Plant wild flowers on your lawn or in a pot on the balcony to attract pollinating bees. Patches of long grass dotted with wildflowers are the perfect habitat for insects. Try common poppies (Papaver rhoeas) and corn marigold (Glebionis segetum) which will add a pop of colour. 

Get more top tips on improving the biodiversity of your garden

A colourful wildflower meadow
Wildflower meadow © RBG Kew
Orange tip, Loder Valley Nature Reserve, Wakehurst
Orange tip, RBG Kew

6. Explore green spaces 

Work off the mince pies with a brisk walk through the Gardens. 

Explore the Arboretum, our vast garden of over 14,000 trees. Some trees are as old as the Gardens themselves and many cannot be found anywhere else in Britain. 

Wander through the natural area, which is abundant with beautiful native trees and birds like woodpeckers and jays.

If you can't make it to Kew, enjoy nature closer to home and see what you can spot in your own garden or your local trees.

Nordmann fir
Nordmann fir, Pinetum, Ellen McHale © RBG Kew
Arboretum at Kew
Arboretum Jeff Eden © RBG Kew

7. Discover a new landscape 

Visit Wakehurst, our secret botanic garden in the heart of Sussex. 

Stroll through our woodland landscape inspired by the eastern Himalaya at Westwood Valley and go wildlife spotting in our 150 acre Loder Valley Nature Reserve.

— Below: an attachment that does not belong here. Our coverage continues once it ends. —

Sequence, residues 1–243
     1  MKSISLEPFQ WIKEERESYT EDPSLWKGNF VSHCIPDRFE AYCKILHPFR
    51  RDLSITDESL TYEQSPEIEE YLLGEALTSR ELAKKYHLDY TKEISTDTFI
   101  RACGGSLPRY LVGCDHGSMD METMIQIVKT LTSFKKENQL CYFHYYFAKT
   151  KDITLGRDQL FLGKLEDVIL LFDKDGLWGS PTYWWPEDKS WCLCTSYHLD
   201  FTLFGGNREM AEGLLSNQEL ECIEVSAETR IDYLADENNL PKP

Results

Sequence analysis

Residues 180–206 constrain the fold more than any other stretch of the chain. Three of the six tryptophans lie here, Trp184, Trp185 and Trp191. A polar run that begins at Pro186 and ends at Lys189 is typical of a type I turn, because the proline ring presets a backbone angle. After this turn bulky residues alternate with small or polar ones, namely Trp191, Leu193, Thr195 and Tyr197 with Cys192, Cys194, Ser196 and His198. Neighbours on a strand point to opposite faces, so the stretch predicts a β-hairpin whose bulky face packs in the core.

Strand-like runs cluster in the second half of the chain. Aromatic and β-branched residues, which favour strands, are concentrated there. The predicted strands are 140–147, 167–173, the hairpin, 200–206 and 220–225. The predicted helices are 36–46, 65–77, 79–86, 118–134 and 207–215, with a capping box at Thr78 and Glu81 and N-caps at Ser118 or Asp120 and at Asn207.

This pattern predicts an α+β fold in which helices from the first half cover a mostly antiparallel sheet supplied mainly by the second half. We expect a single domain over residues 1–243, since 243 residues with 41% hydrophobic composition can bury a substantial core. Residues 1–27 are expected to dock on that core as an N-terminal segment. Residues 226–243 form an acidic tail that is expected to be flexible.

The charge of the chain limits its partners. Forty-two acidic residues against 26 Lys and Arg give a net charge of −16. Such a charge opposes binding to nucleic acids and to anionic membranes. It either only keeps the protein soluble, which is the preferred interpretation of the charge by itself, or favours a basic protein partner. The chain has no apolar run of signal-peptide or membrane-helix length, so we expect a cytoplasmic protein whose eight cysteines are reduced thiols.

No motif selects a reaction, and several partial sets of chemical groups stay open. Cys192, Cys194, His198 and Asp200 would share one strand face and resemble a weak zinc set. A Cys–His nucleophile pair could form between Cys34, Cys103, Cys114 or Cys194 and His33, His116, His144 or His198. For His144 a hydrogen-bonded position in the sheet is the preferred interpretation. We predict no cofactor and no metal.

Wakehurst’s trees are grouped according to the areas of the world in which they grow naturally, a system called phytogeographic planting.

Highlights include Coates Wood, where the menthol fragrance of eucalyptus and majestic Wollemi pines bring the landscape of Australia to life. 

Stop by our serene Winter Garden which blooms in January and February. Highlights include snow drops, heather and dog wood which give a beautiful burst of winter colour. 

Get closer to nature with a short course at Wakehurst. Learn the practices of nature connection and mindfulness with our mindfulness course, or try your hand at botanical perfume making.

Wollemi pines growing in Coates wood, Wakehurst
Wollemi pines growing in Coates wood, Ellen McHale © RBG Kew
Plants in the Winter Garden at Wakehurst
Winter Garden, Jim Holden © RBG Kew
Friends studying the orchids